I've referred to The Harold enough by now that I won't re-explain it every time. We've practiced several types of openings, but in this class we added the "organic transformational" opening. We take the audience suggestion and, as a group, create three interpretations of what that suggestion might mean. These aren't scenes but constructions of some sort, usually initiated by one person. If the suggestion was "Christmas," we might build a Christmas tree with our bodies as the first of the opening, then we might transform into elves on an assembly line and then into a group of crying children who complain that they got crappy gifts.

We played a performance game called "One to Seven. Seven to One." This was a challenge. Here's the deal

  • There are seven players in the back line on stage

  • One person initiates a solo scene (player A, scene 1)

  • A new person enters the stage and created an new scene (scene 2, with player A and player B)

  • A new person enters the stage, creating a third, different scene (scene 3, with player A, B and C)

  • Remember, player A is a completely different character in Scene 1, Scene 2 and Scene 3

  • We do this until the seventh player created scene 7 and finds some reasonable excuse for his character to leave the scene

  • Then we return to some LATER POINT in Scene 6 until the player that initiated Scene 6 finds an excuse to exit

  • The same applies to Scenes 5 through 1

  • So the game ends with a solo player (player A, scene 1, later in the plot of scene 1)

Other notes from Rachael

  • Another Rule (this is #6, building on the five we got on Monday): Use Your Actual/Real Emotions in Your Scenes. If you're nervous, use that!

  • If you are listening for the audience to laugh, you are not in your scene. This rule came as a response to something Gabe said. I'm not sure it quite applied to his statement, but I get the point. If the audience laughs, great, but don't let the audience lead or define the scene. Let the relationship between the characters and/or the ongoing game define the next step. Sweet. I think I learned something!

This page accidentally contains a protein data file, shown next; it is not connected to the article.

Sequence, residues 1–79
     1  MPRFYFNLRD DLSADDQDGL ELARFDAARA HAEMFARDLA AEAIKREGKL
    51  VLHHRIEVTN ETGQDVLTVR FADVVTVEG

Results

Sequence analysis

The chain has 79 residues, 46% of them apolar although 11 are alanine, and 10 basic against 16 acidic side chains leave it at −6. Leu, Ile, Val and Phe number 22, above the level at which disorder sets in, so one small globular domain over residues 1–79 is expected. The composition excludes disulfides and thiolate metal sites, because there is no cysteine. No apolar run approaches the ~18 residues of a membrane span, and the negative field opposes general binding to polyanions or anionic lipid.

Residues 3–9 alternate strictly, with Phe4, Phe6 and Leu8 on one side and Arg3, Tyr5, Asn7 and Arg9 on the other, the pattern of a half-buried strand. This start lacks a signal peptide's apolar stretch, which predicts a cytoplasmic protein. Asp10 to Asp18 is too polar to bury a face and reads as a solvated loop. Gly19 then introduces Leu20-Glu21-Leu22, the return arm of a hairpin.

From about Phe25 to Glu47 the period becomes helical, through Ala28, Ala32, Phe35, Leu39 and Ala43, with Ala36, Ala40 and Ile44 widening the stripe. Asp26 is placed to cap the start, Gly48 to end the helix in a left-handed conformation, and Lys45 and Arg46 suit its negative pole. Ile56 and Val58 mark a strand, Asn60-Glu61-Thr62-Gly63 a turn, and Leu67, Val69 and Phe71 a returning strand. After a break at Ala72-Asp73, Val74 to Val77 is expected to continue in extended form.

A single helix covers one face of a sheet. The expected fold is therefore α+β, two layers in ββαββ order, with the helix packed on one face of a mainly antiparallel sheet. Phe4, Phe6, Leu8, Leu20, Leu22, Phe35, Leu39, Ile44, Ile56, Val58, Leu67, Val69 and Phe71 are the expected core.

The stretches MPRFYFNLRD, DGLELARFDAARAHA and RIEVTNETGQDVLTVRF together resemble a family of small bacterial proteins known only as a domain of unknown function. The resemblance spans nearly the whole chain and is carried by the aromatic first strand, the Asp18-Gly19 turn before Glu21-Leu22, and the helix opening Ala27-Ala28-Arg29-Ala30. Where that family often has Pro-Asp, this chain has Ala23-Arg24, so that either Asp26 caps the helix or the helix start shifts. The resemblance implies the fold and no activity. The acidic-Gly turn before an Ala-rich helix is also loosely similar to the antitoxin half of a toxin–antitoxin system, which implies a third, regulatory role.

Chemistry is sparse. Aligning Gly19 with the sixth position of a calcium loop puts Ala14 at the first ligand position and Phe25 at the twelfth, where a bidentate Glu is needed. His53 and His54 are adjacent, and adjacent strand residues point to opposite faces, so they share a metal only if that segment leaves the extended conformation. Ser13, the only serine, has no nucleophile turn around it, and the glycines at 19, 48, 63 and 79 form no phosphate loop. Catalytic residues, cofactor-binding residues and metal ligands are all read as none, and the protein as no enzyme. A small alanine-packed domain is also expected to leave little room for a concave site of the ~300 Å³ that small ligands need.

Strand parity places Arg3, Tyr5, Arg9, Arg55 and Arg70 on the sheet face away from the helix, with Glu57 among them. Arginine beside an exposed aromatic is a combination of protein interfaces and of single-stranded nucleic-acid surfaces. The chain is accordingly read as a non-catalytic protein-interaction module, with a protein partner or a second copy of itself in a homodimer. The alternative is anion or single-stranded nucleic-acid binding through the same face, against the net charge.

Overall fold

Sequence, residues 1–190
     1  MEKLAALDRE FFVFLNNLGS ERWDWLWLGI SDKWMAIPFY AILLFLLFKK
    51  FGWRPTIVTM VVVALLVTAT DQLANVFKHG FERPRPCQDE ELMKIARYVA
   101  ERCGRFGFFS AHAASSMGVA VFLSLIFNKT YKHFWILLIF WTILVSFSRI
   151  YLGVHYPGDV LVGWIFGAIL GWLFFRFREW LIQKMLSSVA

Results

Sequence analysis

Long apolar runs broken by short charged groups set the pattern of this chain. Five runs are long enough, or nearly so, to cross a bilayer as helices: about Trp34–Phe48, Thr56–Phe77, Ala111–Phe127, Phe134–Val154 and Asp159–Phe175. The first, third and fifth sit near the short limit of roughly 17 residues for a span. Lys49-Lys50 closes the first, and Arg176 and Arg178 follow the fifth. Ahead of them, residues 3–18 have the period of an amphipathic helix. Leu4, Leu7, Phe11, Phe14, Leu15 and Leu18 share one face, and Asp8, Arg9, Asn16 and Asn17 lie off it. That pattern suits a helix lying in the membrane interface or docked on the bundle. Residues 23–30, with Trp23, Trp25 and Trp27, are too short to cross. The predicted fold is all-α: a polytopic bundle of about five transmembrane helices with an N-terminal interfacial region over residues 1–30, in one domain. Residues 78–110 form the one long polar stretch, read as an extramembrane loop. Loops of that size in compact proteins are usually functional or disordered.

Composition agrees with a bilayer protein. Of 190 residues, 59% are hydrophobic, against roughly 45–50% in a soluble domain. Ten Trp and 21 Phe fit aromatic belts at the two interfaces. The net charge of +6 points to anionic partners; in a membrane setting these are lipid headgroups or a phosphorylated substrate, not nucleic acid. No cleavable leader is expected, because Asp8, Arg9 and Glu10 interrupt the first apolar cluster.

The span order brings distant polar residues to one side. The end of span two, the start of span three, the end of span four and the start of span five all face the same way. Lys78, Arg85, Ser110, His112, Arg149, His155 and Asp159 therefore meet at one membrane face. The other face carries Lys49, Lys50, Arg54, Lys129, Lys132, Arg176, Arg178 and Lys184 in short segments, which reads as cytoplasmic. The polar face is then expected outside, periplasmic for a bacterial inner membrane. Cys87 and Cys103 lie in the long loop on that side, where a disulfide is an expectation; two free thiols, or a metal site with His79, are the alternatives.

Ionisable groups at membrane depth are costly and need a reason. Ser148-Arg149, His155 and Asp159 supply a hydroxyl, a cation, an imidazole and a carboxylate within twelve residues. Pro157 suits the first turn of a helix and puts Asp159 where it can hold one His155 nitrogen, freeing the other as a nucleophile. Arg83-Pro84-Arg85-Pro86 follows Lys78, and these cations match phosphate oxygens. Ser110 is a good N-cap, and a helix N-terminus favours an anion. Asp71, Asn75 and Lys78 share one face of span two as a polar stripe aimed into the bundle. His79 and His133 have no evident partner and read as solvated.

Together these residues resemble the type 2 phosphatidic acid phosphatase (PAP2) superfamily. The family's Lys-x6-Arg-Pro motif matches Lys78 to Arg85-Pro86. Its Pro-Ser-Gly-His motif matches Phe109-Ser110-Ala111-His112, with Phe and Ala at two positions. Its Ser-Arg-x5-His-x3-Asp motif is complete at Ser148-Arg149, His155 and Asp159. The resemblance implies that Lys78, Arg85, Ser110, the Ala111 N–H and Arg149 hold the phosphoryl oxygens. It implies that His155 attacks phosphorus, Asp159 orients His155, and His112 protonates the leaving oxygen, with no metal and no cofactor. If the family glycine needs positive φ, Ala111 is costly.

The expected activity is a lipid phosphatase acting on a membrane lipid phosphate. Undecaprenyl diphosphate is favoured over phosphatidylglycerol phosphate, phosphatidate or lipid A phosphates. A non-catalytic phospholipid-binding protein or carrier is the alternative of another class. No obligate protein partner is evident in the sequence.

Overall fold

• It's brave to be quiet in improv. Harold Pinter is a playwright who devoted about 40 percent of his plays to silence

Day 2 Lessons:

  1. Use your environment. It gives you something to do if you have nothing to say.

  2. Go for three things in the transformational opening

  3. Listen, listen, listen

  4. Make eye contact with your fellow players

  5. Have fun

  6. Give yourself a gift, and maintain it throughout the scene

  7. The scene is about the relationships between characters, NOT THE OBJECTS YOU'VE CREATED!

I'm diggin this improv stuff, man. That philosophical point I was making at the start of this post is only one of many powerful metaphors this art form provides. Last week I talked about how frightening it was to discover how much we can communicate with our fellow humans, and get from them what we want, without being negatively manipulative or overt. Now, we're building worlds together and abiding by the rules within that world. This all reminds me of what's happening in the online virtual worlds of places like Second Life and World of Warcraft, and there's a lot to learn about humanity in all of this.

I gotta bounce now. Day 3 was a pretty crappy day for me overall. I'll explain why when I give that recap lata (don't worry. it doesn't involved gettin jacked!). I'm off to see a puppet improv show!